Whatever their size or security needs, enterprises today can enjoy the benefits of a virtualized campus network with many closed user groups, all on a single physical network.
As the demands placed on campus networks have grown in complexity, so has the need for scalable solutions to separate groups of network users and resources into logical partitions. Virtualization of the network provides multiple solutions for centralizing services and security policies while preserving the high-availability, manageability, security, and scalability benefits of the existing campus design. To be effective, these solutions must address the three primary aspects of network virtualization: access control, path isolation, and services edge. Implementing these solutions enables network virtualization to coalesce with the Cisco Systems® Service-Oriented Network Architecture (SONA), creating a solid framework for enterprises to migrate to an Intelligent Information Network.
Utilizing NAC and the IEEE 802.1x protocol, a SONA network delivers identity services, which provide optimal access control. After users gain access to the network, three solutions for path isolation-generic route encapsulation (GRE) tunnels, Virtual Route Forwarding (VRF)-lite, and Multiprotocol Label Switching (MPLS) VPNs-preserve the benefits of today's campus design while introducing the capability of separating the network into secure, virtual networks by overlaying partitioning mechanisms onto the existing LAN. These solutions address the problems associated with deploying services and security policies in a distributed manner. Finally, the centralization of shared services and security policy enforcement dramatically reduces the capital and operational expenses of maintaining different groups' security policies and services within a campus. This centralization also enables consistent policy enforcement throughout the campus.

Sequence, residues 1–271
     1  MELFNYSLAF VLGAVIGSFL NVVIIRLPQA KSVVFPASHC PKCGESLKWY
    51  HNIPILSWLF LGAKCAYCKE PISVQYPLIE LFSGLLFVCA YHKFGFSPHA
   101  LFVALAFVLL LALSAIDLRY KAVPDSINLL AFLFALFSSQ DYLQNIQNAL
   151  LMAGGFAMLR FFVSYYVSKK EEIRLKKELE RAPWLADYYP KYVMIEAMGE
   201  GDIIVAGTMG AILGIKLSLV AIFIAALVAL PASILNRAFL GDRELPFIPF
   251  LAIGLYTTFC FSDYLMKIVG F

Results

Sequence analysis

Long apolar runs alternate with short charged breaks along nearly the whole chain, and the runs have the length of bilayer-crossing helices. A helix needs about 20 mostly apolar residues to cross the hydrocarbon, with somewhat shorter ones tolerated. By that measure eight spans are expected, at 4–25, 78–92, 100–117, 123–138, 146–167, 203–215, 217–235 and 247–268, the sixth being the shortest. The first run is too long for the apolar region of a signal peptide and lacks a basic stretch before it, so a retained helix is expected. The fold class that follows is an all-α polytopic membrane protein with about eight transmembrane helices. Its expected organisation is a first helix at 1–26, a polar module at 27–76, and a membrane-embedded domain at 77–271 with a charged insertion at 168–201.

Design recommendations for campus networks have lacked an elegant way of partitioning network traffic to provide secure, independent environments for closed user groups (Table 1). A number of factors promote the need to create closed user groups, including the following examples:
• Varying levels of access privileges within an enterprise: Almost every enterprise needs solutions for granting different levels of access to customers, vendors, and partners as well as employees on the campus LAN.
• Regulatory compliance: Some businesses are required by laws or rules to separate segments of a larger organization. For example, in a financial company, banking needs to remain separate from trading.
• Network simplification for very large enterprises: In the case of very large campus networks such as airports, hospitals, or universities, the need for security between different groups or departments has in the past required the building and management of separate physical networks, an undertaking that is costly and difficult to manage.
• Network consolidation: In mergers and acquisitions, there is often a need to integrate the acquired company's network expeditiously.
• Outsourcing: As outsourcing and offshoring proliferate, subcontractors must demonstrate absolute isolation of information between clients. This is especially critical when a contractor services competing companies.
• Enterprises providing network services: Retail chains support kiosks for other companies or Internet access for patrons; similarly, airports serving multiple airlines and retailers can use a single network for both isolated and shared services.
Table 1. Application Examples of Network Segmentation in Individual Verticals
Examples of Cases for Network Virtualization
Production plants (robots, automation of production environment, and so on), administration, sales, video surveillance.
Trading floors, administration, mergers.
Shared buildings and facilities supporting different departments. In some countries the law mandates separate networks between such departments.
General trend toward hotel service with medical treatment. Separation among medical staff, magnetic resonance imaging (MRI) and other technical equipment, Internet access for patients, media services such as radio and television for patients.